Friday, December 10, 2010
The ongoing rise in used car prices—with temporary setbacks due to the trauma of recessions—is remarkable, especially since so many seem to assume that the high level of unemployment and the tremendous amount of "resource slack" in the economy (GDP is running about 10% below its full-employment trend level, by my calculations) make inflation practically impossible and deflation something to worry about.
I remain convinced that inflation is a monetary phenomenon and has nothing to do with resource slack or the level of unemployment. What few prices there are that are declining—mostly housing-related—are simply proof that the economy is still in the process of shifting resources from one sector (e.g., construction and housing-related areas, where there was obvious over-building) to another (e.g., mining, which is booming these days because the global economy is expanding rapidly and monetary policies are accommodative). That shift is signaled and driven by a comparable shift in relative prices. Housing prices decline, commodity prices rise; people leave the construction sector and move to the mining sector as a result. If car prices keep rising like this, pretty soon it will be obvious that there is a shortage of new cars being produced; look for more robust gains in new car sales and production in the months and years ahead.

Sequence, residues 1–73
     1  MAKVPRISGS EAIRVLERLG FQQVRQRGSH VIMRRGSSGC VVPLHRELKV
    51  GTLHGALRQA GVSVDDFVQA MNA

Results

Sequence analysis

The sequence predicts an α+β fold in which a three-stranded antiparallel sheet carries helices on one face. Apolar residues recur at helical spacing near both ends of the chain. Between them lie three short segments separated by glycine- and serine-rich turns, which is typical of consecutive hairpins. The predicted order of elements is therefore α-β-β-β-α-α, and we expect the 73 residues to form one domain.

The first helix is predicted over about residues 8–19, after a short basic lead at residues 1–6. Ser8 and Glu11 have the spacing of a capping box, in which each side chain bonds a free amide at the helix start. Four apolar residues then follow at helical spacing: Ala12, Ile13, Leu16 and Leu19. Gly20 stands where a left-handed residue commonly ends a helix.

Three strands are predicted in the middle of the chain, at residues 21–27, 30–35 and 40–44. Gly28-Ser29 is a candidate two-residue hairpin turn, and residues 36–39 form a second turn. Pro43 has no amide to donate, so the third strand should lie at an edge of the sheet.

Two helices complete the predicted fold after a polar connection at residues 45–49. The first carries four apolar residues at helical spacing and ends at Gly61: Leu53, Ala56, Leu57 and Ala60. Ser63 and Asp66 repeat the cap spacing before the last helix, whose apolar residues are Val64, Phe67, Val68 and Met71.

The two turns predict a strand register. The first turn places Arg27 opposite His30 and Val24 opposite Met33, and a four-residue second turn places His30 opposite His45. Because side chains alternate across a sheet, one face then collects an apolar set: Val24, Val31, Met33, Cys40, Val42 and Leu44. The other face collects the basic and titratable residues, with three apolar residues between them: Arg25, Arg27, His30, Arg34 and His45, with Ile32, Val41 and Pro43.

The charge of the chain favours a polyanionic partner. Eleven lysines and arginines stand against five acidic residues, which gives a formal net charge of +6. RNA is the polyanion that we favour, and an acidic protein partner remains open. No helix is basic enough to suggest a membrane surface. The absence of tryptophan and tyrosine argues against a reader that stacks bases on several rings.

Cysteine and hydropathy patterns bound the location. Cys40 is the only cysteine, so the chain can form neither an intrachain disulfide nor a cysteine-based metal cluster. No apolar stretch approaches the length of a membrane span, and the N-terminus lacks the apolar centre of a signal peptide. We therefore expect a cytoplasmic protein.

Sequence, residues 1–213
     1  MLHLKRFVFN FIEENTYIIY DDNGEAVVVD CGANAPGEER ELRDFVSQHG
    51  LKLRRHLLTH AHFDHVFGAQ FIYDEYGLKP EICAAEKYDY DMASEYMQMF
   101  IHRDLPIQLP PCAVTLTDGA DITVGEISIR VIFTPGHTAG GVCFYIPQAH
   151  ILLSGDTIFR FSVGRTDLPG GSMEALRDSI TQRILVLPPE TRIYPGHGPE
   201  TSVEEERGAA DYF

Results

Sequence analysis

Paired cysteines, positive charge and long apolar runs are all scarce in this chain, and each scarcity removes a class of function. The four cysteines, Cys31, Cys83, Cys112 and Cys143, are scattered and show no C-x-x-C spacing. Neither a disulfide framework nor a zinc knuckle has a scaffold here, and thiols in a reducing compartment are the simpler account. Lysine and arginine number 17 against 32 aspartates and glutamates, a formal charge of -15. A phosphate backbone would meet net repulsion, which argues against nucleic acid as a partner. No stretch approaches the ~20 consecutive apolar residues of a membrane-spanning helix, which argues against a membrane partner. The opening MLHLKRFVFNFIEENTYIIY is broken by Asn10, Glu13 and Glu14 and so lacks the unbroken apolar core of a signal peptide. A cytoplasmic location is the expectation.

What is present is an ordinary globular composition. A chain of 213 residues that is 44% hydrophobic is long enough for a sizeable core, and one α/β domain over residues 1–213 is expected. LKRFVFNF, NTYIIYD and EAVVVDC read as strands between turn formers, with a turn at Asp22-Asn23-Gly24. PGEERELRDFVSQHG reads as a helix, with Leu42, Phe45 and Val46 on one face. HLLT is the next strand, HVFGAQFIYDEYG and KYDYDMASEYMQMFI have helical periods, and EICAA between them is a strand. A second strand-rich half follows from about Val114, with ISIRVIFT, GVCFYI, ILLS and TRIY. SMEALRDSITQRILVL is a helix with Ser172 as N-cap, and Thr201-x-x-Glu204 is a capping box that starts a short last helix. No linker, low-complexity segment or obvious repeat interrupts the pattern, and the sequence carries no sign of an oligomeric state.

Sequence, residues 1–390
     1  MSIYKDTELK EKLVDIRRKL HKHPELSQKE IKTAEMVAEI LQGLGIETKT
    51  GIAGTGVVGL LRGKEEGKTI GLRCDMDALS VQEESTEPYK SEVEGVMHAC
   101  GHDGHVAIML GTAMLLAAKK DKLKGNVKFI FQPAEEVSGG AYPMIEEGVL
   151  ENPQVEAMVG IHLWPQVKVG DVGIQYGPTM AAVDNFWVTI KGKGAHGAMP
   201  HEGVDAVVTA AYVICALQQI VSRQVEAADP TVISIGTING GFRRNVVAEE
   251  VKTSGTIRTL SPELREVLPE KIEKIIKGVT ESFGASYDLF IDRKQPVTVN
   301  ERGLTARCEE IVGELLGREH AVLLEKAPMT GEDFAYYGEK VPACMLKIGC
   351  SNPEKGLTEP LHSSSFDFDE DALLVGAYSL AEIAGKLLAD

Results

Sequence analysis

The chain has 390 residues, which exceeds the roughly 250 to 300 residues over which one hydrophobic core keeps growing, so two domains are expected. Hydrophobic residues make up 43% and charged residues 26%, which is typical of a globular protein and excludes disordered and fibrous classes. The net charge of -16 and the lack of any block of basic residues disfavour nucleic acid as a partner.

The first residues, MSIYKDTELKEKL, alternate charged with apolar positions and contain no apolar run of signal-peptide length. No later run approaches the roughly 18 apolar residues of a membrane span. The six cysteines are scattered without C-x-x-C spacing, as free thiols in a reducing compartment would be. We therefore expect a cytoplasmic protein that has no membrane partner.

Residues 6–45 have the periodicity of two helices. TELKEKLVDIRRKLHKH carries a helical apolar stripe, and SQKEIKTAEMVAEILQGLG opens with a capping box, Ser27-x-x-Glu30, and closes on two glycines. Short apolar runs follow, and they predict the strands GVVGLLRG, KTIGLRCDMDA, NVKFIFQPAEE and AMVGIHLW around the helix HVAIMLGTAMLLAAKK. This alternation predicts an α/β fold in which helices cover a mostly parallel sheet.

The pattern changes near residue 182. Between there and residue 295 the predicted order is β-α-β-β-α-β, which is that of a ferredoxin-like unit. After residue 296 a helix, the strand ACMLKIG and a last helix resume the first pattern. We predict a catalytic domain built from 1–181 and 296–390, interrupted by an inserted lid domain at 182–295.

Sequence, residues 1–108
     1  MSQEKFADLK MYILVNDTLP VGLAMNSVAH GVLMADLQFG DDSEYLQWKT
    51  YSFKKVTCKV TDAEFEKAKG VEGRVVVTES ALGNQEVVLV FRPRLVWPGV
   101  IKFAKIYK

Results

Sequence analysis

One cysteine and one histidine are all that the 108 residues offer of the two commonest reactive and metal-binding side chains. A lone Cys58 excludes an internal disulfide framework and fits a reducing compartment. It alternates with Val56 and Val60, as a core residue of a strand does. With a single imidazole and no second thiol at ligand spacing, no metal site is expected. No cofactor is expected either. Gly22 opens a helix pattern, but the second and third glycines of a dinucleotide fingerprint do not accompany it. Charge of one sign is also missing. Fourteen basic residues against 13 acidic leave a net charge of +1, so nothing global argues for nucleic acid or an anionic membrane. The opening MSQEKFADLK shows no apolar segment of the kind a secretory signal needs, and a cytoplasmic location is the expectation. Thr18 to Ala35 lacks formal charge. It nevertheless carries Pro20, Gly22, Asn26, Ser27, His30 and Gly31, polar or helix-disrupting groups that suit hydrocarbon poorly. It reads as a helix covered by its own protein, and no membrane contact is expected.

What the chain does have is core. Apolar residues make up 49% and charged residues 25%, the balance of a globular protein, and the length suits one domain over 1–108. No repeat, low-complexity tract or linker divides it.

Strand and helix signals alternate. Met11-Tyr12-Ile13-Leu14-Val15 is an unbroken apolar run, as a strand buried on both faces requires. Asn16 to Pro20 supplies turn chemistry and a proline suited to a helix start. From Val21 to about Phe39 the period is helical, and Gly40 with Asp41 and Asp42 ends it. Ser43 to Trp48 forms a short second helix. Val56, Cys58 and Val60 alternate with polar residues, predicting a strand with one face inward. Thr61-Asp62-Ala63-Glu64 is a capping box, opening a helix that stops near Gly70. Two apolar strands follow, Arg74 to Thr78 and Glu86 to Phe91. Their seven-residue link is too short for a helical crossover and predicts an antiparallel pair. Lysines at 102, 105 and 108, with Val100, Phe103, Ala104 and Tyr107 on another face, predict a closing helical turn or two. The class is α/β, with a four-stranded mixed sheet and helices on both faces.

For more color on the used car picture, I recommend reading Mark Perry's post.
Posted by Scott Grannis at 2:58 PM